A LARGE crowd gathered in Bangor on Saturday morning to help mark the Royal Air Force's (RAF) one hundredth anniversary.

Despite torrential rain, people came from all parts of Gwynedd and Anglesey and donned their umbrellas to pay their respects and celebrate a very special occasion.

RAF personnel including airmen from RAF Valley, as well as air cadets and veterans joined Bangor Mayor John Wynn Jones, Air Marshal Mike Wigston and the Lord Lieutenants of both Gwynedd and Clwyd at the formal parade.

Following a service in Bangor Cathedral to commemorate both the Battle of Britain and the RAF Centenary, the parade – led by RAF Valley station commander, Group Captain Nick Tucker-Lowe and the Central Band of the RAF - marched through the streets of Bangor.

They did so to exercise their Freedom of the City - something that RAF Valley has held since 1974.

A flypast by three Hawk T2 aircraft from RAF Valley then took place, including the first aircraft in the markings of the newly formed XXV(Fighter) Squadron, which was re-formed on September 8.

Speaking after the parade, Air Marshal Wigston, who is a former pupil at Friars School in Bangor, said: "I am delighted to be back in Bangor for the celebration of the Royal Air Force in Wales.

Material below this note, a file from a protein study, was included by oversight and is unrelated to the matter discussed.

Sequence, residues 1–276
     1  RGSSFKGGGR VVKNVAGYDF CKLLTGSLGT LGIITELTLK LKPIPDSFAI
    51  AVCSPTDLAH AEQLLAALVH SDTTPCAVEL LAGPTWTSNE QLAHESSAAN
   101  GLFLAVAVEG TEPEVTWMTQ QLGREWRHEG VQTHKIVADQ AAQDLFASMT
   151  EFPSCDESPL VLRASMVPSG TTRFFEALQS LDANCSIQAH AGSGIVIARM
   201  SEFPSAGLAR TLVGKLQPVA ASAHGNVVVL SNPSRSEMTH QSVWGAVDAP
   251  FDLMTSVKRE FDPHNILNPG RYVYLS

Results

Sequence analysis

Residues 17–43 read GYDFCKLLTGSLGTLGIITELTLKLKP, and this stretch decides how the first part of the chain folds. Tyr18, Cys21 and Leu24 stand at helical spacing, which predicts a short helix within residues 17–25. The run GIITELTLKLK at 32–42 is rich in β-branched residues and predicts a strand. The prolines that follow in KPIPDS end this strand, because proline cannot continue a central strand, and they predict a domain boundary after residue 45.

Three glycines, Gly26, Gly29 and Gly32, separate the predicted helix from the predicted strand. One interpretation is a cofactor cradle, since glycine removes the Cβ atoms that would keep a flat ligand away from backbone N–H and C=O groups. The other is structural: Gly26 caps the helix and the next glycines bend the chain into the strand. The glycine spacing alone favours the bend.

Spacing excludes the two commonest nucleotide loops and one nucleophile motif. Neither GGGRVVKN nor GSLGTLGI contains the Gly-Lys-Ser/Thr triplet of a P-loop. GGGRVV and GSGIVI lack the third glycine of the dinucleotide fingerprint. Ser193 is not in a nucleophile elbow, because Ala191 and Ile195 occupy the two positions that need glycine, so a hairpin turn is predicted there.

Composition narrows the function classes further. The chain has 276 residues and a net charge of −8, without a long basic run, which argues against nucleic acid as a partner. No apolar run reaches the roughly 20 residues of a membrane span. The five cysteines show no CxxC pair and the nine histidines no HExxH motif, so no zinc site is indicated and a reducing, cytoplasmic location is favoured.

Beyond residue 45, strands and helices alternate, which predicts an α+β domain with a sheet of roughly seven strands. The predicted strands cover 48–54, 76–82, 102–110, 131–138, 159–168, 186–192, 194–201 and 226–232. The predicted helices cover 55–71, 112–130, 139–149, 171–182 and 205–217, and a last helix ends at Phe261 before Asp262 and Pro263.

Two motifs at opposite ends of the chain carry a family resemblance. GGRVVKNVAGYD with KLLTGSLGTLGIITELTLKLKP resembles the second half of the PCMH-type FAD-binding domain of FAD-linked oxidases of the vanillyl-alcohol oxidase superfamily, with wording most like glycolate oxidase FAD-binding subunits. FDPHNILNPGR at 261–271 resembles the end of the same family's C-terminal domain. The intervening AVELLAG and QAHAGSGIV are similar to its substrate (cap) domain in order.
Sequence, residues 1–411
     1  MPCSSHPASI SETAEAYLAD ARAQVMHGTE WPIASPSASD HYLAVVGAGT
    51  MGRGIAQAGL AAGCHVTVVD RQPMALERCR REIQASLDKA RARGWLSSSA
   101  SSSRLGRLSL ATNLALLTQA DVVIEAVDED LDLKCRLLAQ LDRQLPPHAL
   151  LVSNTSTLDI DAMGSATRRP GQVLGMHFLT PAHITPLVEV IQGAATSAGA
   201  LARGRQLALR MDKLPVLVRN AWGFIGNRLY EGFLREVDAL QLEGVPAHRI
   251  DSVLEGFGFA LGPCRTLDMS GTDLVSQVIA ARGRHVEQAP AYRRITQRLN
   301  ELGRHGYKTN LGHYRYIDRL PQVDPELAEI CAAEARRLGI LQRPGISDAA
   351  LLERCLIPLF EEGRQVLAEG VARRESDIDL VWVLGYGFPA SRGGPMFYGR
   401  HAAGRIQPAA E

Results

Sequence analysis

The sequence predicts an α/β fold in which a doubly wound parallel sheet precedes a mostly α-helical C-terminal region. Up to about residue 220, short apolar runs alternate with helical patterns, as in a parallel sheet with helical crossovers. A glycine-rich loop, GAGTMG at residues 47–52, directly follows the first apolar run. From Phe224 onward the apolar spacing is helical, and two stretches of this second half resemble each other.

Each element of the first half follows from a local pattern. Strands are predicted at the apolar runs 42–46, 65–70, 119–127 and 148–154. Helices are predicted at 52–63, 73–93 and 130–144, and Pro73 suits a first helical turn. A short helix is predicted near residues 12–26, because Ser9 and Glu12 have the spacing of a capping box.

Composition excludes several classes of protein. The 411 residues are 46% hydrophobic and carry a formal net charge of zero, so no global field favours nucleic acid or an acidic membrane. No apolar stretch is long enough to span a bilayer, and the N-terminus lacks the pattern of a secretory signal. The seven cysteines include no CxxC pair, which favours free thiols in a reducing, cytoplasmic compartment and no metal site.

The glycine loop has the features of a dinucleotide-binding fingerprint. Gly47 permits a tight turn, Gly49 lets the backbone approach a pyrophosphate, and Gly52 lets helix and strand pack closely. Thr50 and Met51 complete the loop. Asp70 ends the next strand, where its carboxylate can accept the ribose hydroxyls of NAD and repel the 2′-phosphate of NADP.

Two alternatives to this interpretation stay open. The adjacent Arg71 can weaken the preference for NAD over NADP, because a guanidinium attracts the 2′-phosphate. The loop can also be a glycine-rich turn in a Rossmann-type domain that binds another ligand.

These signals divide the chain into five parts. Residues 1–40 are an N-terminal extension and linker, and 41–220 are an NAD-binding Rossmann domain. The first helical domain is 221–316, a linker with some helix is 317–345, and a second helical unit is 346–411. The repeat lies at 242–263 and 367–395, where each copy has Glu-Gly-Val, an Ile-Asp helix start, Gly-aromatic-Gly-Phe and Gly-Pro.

"From the founding of the RAF in 1918 by Prime Minister David Lloyd George to RAF Valley’s key role now in the defence of the UK, Wales and the RAF share a long and distinguished history.

"I am grateful for the tremendous support we have seen from the City and people of Bangor today, as well as the wider community across North Wales.

"On the threshold of the RAF’s second century, we can look to the future together with confidence and great pride."

RAF Valley station commander, Group Captain Tucker-Lowe said: "This is a momentous week for RAF Valley, and the culmination of a very busy year.

"As we draw to the end of our Centenary, it is fitting that we celebrate the achievements of the Royal Air Force and commemorate those who have made the ultimate sacrifice."

RAF Valley celebrated the centenary year with the unveiling of a brand new ‘gate guardian’ at the entrance to the base - a long-standing tradition within the Royal Air Force, with most RAF stations being symbolically guarded by an aircraft of historical significance to the base.

For RAF Valley, this role was undertaken for several decades by a Hawker Hunter, which now resides at the Anglesey Transport Museum. The new gate guardian is a Hawk T1 painted in the current black paint scheme.